Peer-reviewed / Randomised Controlled Trial / People Gut-directed hypnotherapy delivered by psychologists appears as effective in group or individual sessions, potentially offering a new treatment option for irritable bowel syndrome in primary and secondary care
Establishing a universal forensic DNA database
In the wake of recent high-profile successes catching criminals using publicly-accessible genomic data, results that build momentum for this approach, James Hazel and colleagues argue for the establishment of a universal forensic DNA database for law enforcement purposes.
Poorest dying nearly 10 years younger than the rich in 'deeply worrying' trend for UK
The gap between the life expectancy of the richest and poorest sectors of society in England is increasing, according to new research from Imperial College London.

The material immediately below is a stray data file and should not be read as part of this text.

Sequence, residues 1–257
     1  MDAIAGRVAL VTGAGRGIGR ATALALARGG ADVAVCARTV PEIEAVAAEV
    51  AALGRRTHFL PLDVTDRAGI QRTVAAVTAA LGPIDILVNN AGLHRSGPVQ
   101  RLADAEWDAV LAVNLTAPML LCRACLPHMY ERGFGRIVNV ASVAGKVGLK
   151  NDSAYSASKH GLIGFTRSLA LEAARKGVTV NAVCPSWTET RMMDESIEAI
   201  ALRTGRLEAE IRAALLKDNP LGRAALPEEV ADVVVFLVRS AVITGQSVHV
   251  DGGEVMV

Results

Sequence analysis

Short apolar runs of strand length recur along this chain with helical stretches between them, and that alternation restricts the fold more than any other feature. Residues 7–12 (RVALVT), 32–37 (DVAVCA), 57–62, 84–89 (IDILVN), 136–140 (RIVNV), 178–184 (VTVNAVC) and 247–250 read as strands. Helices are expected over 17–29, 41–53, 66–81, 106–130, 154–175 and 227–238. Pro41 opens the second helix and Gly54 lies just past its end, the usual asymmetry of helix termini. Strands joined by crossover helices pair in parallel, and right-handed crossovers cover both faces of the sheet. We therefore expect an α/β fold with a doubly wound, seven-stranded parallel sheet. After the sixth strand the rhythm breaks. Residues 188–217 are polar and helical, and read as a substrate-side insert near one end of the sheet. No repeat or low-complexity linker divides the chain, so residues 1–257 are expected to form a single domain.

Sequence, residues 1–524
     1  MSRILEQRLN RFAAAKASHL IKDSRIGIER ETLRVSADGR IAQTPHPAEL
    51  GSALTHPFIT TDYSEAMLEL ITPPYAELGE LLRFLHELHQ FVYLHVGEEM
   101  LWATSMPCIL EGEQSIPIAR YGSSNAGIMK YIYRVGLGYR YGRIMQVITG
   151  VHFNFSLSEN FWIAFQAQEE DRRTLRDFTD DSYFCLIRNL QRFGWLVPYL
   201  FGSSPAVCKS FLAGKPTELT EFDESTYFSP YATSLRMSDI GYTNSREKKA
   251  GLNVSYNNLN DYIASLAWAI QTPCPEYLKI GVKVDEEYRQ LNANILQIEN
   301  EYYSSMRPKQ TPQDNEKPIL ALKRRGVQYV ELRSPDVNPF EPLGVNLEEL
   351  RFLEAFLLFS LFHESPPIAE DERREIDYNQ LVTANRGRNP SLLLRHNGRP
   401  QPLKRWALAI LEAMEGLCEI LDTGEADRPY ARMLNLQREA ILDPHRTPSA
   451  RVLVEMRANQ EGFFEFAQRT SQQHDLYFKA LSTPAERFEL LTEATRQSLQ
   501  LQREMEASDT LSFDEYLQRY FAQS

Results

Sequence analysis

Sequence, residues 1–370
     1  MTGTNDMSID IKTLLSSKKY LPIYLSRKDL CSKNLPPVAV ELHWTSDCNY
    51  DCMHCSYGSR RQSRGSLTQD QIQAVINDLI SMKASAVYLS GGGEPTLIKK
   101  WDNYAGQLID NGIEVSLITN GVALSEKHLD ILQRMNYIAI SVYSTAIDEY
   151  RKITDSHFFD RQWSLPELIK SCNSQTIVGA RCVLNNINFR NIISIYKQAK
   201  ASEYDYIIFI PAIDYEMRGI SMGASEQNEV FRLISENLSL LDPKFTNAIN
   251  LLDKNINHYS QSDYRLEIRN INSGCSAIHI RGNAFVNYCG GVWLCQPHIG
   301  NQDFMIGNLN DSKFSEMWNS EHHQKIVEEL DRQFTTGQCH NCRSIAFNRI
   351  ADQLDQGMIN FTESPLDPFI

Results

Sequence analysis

Human ancestors not to blame for ancient mammal extinctions in Africa
New research disputes a long-held view that our earliest tool-bearing ancestors contributed to the demise of large mammals in Africa over the last several million years.
Elephant-sized triassic creature sheds new light on old theories
The recent discovery of the gargantuan four-legged creature Lisowicia bojani, from the Late Triassic period of Poland, has overturned established beliefs that the only giant herbivores to roam Triassic lands were dinosaurs, report Tomasz Sulej and Grzegorz Nied?wiedzki.
Early human ancestors not to blame for extinctions of giant African mammals